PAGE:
"Since the Nationals couldn’t contest the equity element of the deal, they tried for higher rights fees, asking for $100 million a year. The Orioles countered with a 20 percent raise, to about $35 million. There’s no hope in hell of an easy compromise when the two sides are that far apart, and the Orioles have good reason to dig in their heels. Remember that while RSN rights fees are subject to revenue sharing, the money left after those rights fees have been paid out is not. Remember, too, that the O’s and Nats must make the same amount in rights fees every year. So if Washington succeeded in getting $100 million a year in rights fees, Baltimore would have to pay itself $100 million a year, too. That would force the Orioles to pay the 34 percent revenue-sharing tax on $100 million instead of on the current $29 million. It would also leave MASN broke.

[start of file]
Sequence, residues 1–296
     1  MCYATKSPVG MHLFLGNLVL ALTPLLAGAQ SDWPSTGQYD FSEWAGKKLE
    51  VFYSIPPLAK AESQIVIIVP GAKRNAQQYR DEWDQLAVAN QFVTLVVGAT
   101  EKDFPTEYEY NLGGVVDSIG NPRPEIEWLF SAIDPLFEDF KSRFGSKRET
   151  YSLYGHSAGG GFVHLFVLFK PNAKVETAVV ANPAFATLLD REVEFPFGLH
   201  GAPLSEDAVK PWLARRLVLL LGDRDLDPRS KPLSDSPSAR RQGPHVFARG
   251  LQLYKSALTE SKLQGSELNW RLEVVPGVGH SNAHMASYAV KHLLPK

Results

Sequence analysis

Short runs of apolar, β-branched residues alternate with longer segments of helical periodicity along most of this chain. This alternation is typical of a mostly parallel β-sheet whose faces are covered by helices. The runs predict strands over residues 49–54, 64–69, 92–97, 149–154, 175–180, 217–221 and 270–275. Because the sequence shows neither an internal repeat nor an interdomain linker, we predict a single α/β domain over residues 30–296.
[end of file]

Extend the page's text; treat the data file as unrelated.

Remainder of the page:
"One potential resolution would be for the Nationals to acquire a big enough chunk of MASN from the Orioles to make the teams 50-50 partners. A 2013 Bloomberg report pegged MASN’s market value at $492 million, so the Nats would need to pay the Orioles slightly more than $167 million to acquire the 34 percent needed to get to 50-50. Other rumors have circulated. A committee of representatives from the Rays, Mets, and Pirates is brainstorming ways to resolve the MASN dispute, and if MLB eventually forces the Orioles to pay out considerably more in rights fees without receiving any financial consideration in return, it would significantly affect the team’s finances. While Angelos and his representatives on Baltimore’s business side declined to comment for this story, that would be the most logical defense to offer critics who say the team is raking in MASN cash but refusing to increase payroll.

 

“That’s the other side,” said Tella. “That [Angelos] has been cautious with his approach to the team, not knowing what could happen given the massive shift that could go against him.”  For now, the MASN status quo remains. The Nationals aren’t completely helpless, though: According to a source close to the Washington franchise, MLB has sent the team an undisclosed sum every year to help bridge the gap, and to prevent the Lerners from taking matters to court, until the deal becomes more balanced."

 

http://grantland.com...ending-al-east/